1.    11 Feb 2016 #1
    Join Date : Jul 2015
    Posts : 1,638
    Windows 10 Pro (64 bit)

    Two PCs with Windows 10


    This is probably a silly and obvious question but I want to double check. On the main PC we all sign in with ms accounts, my user acc (admin), my wife (standard) and our son (child acc). But as its a desktop we want to also get a cheaper laptop that's a bit more mobile around the household. I plan to set us all up with our own user accounts on the laptop and use our MS logins on this too. We are all already setup as family on our existing PC. So will I run into problems adding us all to the new laptop as a family too? When I added a family member on our existing desktop my wife and son had to login to their mail accounts , accept the invite. Presumably as they are now already family members they won't have to go through this for the new laptop when I add their new user accounts as family members? I'm just worried about conflicts and anything messing up the setup we already have in place on our main desktop machine
      My ComputerSystem Spec
  2.    11 Feb 2016 #2
    Join Date : Oct 2013
    A Finnish expat in Germany
    Posts : 13,109
    Windows 10 Pro

    You are good to go, without any whatsoever issues. That's the way the family accounts are meant to be used.

    You don't even need to add your wife's and son's accounts on the laptop; they will be automatically added when you set up a pre-installed Windows 10, or clean install Windows 10 by yourself using your "head of the house" MS account. The only thing you need to do on new laptop as soon as you enter the desktop is to go to Family settings and enable your wife's and son's accounts by selecting them and clicking Allow (by default all your family will be added with "Can't sign in" status).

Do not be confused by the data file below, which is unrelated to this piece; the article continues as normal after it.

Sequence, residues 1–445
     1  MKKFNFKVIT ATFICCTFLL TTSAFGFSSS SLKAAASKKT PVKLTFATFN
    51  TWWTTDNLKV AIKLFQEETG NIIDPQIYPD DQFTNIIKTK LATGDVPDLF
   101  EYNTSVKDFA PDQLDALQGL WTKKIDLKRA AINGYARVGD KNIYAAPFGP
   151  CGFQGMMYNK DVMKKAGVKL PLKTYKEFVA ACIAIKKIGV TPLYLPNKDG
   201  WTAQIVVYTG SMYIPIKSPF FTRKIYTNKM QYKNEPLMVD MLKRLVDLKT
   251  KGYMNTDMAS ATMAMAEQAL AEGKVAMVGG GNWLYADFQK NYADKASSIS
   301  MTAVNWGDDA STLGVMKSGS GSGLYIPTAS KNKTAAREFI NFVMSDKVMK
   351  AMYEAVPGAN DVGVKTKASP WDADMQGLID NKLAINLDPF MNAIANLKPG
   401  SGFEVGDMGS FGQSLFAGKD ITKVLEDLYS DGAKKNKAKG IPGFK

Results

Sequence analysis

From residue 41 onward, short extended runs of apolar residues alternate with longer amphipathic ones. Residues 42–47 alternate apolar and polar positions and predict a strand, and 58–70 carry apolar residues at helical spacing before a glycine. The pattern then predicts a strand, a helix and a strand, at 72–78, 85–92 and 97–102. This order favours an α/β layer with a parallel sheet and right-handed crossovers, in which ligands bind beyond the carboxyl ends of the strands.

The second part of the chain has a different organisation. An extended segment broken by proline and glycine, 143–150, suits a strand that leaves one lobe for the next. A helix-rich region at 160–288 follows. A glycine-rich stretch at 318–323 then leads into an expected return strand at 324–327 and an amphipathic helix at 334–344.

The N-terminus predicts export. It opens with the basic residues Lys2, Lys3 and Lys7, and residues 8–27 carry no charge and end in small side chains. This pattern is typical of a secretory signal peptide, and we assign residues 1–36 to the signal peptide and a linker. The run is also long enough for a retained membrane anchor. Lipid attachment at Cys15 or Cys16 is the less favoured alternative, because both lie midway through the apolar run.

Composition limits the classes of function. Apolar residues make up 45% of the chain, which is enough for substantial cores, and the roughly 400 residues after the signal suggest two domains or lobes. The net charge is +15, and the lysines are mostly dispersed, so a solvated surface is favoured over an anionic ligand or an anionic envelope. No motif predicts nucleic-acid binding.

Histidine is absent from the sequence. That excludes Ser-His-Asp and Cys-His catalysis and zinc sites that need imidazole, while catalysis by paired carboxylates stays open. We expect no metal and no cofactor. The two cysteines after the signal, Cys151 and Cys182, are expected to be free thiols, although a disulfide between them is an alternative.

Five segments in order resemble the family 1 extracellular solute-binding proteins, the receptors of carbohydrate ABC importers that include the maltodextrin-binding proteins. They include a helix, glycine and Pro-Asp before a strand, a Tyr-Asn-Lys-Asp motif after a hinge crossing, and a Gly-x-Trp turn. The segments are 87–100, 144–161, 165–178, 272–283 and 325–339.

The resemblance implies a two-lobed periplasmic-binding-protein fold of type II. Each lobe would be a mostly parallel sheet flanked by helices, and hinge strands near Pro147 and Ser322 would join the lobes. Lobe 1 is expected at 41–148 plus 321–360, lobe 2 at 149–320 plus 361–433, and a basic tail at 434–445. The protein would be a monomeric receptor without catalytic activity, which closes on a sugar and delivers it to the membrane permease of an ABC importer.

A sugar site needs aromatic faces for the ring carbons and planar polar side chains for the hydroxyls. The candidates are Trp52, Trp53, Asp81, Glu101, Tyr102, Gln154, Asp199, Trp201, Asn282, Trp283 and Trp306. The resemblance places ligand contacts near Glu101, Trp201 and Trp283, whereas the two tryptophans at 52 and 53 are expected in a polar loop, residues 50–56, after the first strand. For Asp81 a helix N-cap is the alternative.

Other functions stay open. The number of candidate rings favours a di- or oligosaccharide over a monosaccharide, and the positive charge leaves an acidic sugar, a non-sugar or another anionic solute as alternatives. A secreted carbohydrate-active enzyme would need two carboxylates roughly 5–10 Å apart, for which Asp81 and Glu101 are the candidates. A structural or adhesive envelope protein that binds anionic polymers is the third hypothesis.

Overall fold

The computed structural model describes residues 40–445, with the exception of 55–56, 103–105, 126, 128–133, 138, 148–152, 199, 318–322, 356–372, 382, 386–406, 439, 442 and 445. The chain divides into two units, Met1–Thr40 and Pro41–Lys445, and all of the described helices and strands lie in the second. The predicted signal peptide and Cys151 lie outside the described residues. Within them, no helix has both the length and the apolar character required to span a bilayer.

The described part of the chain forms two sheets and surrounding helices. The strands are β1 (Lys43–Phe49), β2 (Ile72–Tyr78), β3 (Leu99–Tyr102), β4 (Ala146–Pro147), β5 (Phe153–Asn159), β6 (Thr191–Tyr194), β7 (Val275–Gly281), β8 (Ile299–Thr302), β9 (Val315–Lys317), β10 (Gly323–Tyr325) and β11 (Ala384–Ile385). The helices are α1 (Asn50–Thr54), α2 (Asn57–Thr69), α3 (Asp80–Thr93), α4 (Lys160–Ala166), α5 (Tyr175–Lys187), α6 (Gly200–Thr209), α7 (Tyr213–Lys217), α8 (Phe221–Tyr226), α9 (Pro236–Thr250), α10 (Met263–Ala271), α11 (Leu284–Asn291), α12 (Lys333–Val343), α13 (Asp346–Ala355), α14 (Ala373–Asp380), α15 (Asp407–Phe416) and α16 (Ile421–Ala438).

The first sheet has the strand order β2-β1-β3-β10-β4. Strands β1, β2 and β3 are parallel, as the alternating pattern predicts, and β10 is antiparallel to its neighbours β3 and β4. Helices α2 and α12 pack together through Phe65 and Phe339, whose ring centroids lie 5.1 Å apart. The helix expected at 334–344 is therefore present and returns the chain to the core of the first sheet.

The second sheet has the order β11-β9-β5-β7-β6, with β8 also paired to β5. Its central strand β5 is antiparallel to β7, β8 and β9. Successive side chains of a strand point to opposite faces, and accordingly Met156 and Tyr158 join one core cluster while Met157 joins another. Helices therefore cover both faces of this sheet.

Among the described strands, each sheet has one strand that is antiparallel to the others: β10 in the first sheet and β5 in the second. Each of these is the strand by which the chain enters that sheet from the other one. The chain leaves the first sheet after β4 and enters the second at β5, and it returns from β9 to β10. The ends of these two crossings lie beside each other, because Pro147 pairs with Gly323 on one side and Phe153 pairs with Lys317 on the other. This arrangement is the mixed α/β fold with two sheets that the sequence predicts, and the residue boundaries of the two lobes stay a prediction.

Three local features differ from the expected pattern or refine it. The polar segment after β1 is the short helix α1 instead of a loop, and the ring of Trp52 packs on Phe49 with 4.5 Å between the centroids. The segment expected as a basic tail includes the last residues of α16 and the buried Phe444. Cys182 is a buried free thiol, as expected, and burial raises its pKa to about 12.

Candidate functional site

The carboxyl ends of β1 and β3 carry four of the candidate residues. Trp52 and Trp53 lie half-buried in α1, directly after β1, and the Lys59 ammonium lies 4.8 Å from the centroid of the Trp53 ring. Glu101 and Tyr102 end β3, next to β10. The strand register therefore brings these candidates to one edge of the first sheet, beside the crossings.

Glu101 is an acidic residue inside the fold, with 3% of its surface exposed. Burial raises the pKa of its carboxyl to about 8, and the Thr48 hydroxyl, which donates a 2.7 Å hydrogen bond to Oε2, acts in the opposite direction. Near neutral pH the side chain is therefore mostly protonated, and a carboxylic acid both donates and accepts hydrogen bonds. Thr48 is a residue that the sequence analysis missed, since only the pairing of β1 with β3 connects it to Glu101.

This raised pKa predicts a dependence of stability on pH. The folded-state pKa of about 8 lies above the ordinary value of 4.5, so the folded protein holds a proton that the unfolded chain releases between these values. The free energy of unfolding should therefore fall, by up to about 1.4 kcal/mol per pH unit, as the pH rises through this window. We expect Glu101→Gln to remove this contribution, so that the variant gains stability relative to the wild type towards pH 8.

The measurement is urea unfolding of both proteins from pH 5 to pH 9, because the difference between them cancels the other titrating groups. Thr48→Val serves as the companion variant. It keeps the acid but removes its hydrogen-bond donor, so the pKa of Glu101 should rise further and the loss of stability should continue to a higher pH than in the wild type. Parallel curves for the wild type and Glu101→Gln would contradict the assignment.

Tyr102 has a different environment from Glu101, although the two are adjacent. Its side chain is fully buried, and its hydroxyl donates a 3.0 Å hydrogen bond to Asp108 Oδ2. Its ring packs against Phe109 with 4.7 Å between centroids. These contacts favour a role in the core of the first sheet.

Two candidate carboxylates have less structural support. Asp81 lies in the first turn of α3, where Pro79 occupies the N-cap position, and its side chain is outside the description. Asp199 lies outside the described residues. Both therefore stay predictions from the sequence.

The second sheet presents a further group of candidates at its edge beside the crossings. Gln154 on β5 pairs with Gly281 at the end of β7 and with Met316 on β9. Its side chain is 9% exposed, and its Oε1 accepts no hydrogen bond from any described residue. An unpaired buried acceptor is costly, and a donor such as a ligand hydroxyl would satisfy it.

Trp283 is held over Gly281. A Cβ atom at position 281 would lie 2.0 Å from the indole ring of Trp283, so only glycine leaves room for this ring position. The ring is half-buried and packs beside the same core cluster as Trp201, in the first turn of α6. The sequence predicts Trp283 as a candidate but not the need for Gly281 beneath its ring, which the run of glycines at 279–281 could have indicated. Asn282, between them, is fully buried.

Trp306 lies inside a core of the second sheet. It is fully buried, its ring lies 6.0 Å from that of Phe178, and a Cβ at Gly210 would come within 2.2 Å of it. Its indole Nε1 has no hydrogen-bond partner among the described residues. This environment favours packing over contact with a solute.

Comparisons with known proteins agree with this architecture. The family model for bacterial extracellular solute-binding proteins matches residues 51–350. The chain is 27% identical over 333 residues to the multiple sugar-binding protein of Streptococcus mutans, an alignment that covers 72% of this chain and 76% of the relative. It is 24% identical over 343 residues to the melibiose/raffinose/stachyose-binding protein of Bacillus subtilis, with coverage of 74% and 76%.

They only need to accept the family membership once as long as they will not leave your MS Family or you don't remove their accounts from the family. Only when re-invited and rejoining do they receive the email asking them to accept.

    Kari
      My ComputerSystem Spec
  3.    11 Feb 2016 #3
    Join Date : Jul 2015
    Posts : 1,638
    Windows 10 Pro (64 bit)
    Thread Starter

    Thank you so much for that info. That sounds reassuring and simple
      My ComputerSystem Spec
  4.    11 Feb 2016 #4
    Join Date : Oct 2013
    A Finnish expat in Germany
    Posts : 13,109
    Windows 10 Pro

    Yeah. I just tested this; sometimes even when you are absolutely sure that what you said is correct, as soon as you have posted it there's this little voice asking "Are you sure?"

    I set up a child account on one machine, launched a virtual machine using the same admin MS account, and the "test tube kid" was already added there with default status "Can't sign in". Clicking Allow enables this kid account to sign in:

    Click image for larger version. 

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    Kari
      My ComputerSystem Spec
  5.    11 Feb 2016 #5
    Join Date : Jul 2015
    Posts : 1,638
    Windows 10 Pro (64 bit)
    Thread Starter

    Great, thanks again for taking the time to check this
      My ComputerSystem Spec
  6.    11 Feb 2016 #6
    Join Date : Oct 2013
    A Finnish expat in Germany
    Posts : 13,109
    Windows 10 Pro

    You are welcome
      My ComputerSystem Spec
  7.    12 Feb 2016 #7
    Join Date : Jul 2015
    Posts : 1,638
    Windows 10 Pro (64 bit)
    Thread Starter

    Sorry to raise the thread again. I just wondered if can ask one more thing.

    I thought of a potential awkward scenario. On our current machine I have had an incident in the past where an app was corrupted on my wife's standard user account. I couldn't fix it so I ended up removing her from my family and then deleting her user account via the old control panel users method. I then went in to the 'new' user/family accounts list and added her as a family member again. Once she accepted the invite she was able to login again on the newly created user account and the troublesome app was working just fine.